World’s Largest Offshore Wind Farm Now Online

London Array

The largest offshore wind farm in the world, the London Array, is now online and sending 507 MW of electricity to the grid for homes and businesses in the UK. The London Array design calls for 175 3.6MW Siemens wind turbines to be installed in the outer Thames Estuary, producing 630 MW, and 141 of them are now up and spinning. The project has a 50 year lease on the site (and a cable route to shore), thanks to the Crown Estate, and is intended to continue to produce clean, renewable energy for a long time. Phase One of the… read more

Making Solar Cheaper

Cost of Solar

Recently a California-based company named Alta Devices announced the news that it had achieved a record for the efficiency of an individual solar cell. Alta Devices have broken their own previous record of 23.5% and the new efficiency levels of 27.6% has been verified by the National Renewable Energy Laboratory. Alta Devices makes solar panels using gallium arsenide. Gallium arsenide is a more efficient material than the silicon-based cells which are currently more prevalent. To keep prices down the company uses remarkably small amounts of gallium and arsenic. This is done by creating layers of gallium arsenide only a micron thick. The development… read more

Pear Energy Simplifies Switching to Clean Energy in the U.S.

Buffett Takes On Solar

For residents of the United States, switching to clean energy for household energy use doesn’t have to mean putting up a solar PV array or wind turbine. Instead, users can simply choose Pear Energy to handle their energy needs, thereby supporting clean and renewable energy in the U.S.. When switching to Pear Energy, customers don’t need to get anything installed at their location, and their local utility continues to provide the electricity to the house, but Pear buys clean solar and wind power for them with their money. Pear customers get a side-by-side comparison of energy costs on each month’s… read more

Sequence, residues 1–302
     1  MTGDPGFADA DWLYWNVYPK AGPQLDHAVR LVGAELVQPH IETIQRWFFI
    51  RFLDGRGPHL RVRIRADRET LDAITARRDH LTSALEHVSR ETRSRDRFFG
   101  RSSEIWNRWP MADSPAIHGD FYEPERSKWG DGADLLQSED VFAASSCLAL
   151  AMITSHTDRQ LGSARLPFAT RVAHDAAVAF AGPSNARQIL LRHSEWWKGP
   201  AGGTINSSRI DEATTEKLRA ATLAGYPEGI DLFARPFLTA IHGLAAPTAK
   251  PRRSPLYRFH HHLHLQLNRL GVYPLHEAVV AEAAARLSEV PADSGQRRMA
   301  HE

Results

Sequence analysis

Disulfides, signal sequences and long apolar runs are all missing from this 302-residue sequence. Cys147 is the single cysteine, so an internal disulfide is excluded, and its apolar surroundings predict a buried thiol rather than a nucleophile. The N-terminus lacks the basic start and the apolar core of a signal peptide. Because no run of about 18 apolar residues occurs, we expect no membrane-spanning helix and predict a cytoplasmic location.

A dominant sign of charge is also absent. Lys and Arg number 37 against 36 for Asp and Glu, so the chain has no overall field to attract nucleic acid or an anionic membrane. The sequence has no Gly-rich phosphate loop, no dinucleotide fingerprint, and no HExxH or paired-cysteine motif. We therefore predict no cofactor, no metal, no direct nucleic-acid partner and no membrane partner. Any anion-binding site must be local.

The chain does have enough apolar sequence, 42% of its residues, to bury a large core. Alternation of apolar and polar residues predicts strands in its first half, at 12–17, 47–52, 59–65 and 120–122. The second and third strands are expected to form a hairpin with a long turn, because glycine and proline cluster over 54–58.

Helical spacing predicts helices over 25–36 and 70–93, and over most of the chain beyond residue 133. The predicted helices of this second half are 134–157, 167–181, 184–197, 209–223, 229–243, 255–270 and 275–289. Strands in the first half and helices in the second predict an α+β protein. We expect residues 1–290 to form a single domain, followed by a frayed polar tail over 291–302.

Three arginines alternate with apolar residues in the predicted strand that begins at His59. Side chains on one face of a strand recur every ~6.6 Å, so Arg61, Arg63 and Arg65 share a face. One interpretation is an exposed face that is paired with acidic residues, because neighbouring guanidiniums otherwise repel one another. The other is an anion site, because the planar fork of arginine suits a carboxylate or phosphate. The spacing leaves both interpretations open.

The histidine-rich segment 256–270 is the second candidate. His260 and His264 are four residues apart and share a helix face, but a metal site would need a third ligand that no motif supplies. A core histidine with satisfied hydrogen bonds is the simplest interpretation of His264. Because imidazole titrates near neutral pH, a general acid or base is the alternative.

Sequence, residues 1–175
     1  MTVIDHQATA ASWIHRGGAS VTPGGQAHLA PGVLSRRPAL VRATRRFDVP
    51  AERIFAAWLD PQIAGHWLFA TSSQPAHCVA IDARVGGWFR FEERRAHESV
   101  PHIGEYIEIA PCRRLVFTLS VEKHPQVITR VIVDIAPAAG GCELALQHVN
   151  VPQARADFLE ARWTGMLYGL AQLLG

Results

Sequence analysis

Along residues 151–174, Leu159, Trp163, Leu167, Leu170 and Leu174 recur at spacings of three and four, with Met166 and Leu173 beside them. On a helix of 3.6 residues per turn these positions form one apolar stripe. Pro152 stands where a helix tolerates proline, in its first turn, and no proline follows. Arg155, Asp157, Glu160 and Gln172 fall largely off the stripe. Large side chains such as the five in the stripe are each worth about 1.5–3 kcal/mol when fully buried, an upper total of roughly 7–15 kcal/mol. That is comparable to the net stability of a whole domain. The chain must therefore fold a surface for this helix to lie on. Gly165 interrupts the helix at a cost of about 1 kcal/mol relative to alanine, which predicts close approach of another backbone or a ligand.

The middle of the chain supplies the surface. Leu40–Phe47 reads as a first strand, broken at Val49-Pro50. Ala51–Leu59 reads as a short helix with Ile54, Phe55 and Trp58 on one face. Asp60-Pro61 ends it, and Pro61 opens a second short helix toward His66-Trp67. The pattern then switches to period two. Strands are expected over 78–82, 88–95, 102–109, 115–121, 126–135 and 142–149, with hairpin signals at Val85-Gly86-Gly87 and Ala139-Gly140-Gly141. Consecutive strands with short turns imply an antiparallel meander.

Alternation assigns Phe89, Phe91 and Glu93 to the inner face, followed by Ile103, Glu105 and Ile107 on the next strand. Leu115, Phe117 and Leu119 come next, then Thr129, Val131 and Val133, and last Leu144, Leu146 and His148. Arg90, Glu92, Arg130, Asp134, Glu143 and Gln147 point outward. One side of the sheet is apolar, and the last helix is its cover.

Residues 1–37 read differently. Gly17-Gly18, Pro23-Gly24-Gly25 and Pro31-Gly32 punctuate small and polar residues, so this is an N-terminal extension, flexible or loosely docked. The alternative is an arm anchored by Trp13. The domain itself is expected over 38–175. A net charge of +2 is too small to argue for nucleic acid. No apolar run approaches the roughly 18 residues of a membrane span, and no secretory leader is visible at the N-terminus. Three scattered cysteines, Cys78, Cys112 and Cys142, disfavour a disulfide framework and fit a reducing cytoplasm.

Los Angeles to Go Coal-Free by 2025

LA Beyond Coal

The mayor of Los Angeles, Antonio Villaraigosa, has announced that over the next 12 years, the giant metropolis will completely eliminate coal as an energy source on its grid. While LA has made earlier moves to source some of their energy through renewable energies, this ambitious plan takes aim at the 39% of the demand that is currently met by coal. The plan calls for a gradual transition over the next 12 years, with the city ending its contracts with coal plants and covering the resulting gap in demand with power from cleaner energy sources, such as natural gas. “Los… read more

It’s Ions To Mars


When ion thrusters were first imagined in the 1960’s, they were little more than a pipedream curiosity. Now, NASA has logged over 43,000 continuous hours with their current model of the futuristic propulsion system. This is a new world record, and a sign that NASA is headed in the right direction. Ion propulsion differs from traditional chemical thrusters in that it doesn’t burn fuel. Instead, the thruster’s energy comes from solar panels or a nuclear-powered system. In the case of the NASA Evolutionary Xenon Thruster (NEXT) ion engine, xenon molecules are ionized and then accelerated electrostatically using a cathode. The molecules… read more